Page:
Was it strange not having Dustin Millgan in Budapest for Season 3?
Yes, it was hard. We were FaceTiming him a lot. It was really, really hard to not be the full cast. I don’t know, there’s something about the number five that was right and perfect. And I think four was perfect — they’re all great human beings. But I think that as a team, onscreen and offscreen, we felt that loss.
When did you learn Season 3 would be the final season?
I had no clue. We knew quite early in the season, so that’s the most important part, so you can say your goodbyes and sort of make the most of it, whereas if it happened now, I would have been thinking, ‘Oh, wait a minute, I may have done things differently.’ That’s the way humans work, stupidly. You should always be taking everything in. But, yeah, it was sad. I’m still processing nostalgia, I think.
Did your time on X Company teach you anything about your abilities or challenge you in new ways?
I think physically. I didn’t know I could [do that]. There’s a big fight scene this season, and when the director said, “We’re not even going to take any bits from your stunt doubles. We’re going to take it all from you guys because you guys rocked it,” that’s something that makes you super proud in a sort of unexpected way.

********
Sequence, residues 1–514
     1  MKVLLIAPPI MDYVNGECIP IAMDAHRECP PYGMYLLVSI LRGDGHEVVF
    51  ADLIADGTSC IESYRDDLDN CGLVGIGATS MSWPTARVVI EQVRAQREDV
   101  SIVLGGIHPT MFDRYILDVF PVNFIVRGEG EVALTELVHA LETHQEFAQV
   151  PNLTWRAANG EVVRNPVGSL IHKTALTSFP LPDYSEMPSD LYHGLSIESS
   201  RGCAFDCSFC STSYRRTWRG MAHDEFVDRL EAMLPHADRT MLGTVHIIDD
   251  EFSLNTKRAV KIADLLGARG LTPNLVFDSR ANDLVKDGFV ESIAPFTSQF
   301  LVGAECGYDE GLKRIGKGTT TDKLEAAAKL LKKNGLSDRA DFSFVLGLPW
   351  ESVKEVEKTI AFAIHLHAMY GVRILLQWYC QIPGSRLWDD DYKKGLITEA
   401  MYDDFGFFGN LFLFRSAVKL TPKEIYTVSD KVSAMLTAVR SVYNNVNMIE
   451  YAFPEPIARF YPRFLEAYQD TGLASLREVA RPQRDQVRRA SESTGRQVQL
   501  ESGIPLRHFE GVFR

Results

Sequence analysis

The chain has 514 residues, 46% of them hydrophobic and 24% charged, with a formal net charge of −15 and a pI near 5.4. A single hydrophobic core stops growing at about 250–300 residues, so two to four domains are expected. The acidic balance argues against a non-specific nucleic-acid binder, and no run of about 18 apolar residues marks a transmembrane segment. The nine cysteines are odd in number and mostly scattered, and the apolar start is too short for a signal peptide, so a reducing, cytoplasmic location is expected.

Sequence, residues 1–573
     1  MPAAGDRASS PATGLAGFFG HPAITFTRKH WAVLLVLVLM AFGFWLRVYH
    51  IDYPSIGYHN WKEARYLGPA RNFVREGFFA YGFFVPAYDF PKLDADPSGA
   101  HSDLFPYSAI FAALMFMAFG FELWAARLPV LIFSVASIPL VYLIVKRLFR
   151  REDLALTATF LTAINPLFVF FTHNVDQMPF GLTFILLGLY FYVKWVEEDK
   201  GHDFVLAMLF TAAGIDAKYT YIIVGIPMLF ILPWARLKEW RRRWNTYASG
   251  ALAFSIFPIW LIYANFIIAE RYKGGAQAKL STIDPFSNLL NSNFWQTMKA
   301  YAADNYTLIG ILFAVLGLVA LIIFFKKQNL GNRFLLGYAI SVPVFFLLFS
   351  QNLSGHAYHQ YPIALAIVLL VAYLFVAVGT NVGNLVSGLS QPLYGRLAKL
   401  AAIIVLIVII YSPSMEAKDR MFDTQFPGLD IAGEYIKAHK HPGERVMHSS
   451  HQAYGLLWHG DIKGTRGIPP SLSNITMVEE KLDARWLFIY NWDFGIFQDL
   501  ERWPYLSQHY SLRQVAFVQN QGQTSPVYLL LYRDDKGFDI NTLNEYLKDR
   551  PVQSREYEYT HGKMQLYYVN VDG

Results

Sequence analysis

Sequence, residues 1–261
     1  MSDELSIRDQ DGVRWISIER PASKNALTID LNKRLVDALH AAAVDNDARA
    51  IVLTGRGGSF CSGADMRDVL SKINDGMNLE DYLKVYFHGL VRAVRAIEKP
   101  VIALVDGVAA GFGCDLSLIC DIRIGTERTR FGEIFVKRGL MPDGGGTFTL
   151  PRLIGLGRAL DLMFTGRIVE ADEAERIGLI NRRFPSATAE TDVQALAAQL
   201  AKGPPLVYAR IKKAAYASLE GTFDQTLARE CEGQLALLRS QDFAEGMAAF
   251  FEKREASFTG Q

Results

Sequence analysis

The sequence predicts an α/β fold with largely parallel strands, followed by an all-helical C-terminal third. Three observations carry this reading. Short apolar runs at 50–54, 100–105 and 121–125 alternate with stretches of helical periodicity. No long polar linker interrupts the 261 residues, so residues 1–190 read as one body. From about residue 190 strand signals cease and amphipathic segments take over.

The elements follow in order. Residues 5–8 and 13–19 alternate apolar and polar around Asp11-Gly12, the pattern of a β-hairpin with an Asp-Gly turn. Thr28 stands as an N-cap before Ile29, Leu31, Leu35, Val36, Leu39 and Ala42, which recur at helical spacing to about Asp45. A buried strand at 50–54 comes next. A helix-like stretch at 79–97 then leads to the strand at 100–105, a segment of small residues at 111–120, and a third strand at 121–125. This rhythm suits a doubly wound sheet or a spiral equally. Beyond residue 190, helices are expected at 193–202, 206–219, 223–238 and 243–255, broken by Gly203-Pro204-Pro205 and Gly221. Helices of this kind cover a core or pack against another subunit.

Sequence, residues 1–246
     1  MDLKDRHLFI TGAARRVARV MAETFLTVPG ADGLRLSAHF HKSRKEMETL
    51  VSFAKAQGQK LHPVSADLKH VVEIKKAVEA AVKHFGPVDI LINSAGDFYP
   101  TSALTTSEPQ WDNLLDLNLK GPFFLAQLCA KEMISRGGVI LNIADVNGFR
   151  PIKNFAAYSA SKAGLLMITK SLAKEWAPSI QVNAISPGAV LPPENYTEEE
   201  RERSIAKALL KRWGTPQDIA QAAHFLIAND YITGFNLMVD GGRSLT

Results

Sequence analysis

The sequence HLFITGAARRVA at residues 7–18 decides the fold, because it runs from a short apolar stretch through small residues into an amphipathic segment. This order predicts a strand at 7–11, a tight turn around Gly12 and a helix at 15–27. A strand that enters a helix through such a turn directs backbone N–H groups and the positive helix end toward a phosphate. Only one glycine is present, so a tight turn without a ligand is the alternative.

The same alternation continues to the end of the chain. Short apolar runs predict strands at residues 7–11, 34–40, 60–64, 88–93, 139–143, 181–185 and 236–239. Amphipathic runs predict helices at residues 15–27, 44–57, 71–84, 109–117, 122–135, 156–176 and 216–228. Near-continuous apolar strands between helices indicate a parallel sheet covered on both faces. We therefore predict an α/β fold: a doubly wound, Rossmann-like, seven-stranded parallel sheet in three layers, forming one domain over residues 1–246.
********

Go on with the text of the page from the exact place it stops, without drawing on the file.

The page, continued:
When I was in theatre school, we had fighting class–as if me, I’m going to fight, you know?–and I was thinking theatre, and I was thinking sword fights, and I was thinking that’s never going to happen, and I was thinking action movies don’t really exist in Quebec. So I was kind of like lounging around, bumming through class and sort of letting it slip, but I should have paid more attention because women do get to do those things, and you can kind of surprise yourself. Those moments when you go, ‘Yeah, girl, you can do this,’ those are important. You should cherish them.
You never know when you may be asked to jump on a tank and shoot Nazis.
Yeah! And we’re in a moment in history where we’re wanting to see female characters do more than the stuff we were used to having them do. They’re interesting in their paradoxes, in their strengths, in their weaknesses. I think we explore their worlds, their inner worlds, and you explore what it is to have a female character on a show a lot more, and I think that’s amazing.
The last time we talked, you were keeping the big secret that Delphine was coming back to Orphan Black. Was it difficult to keep such a huge spoiler under wraps?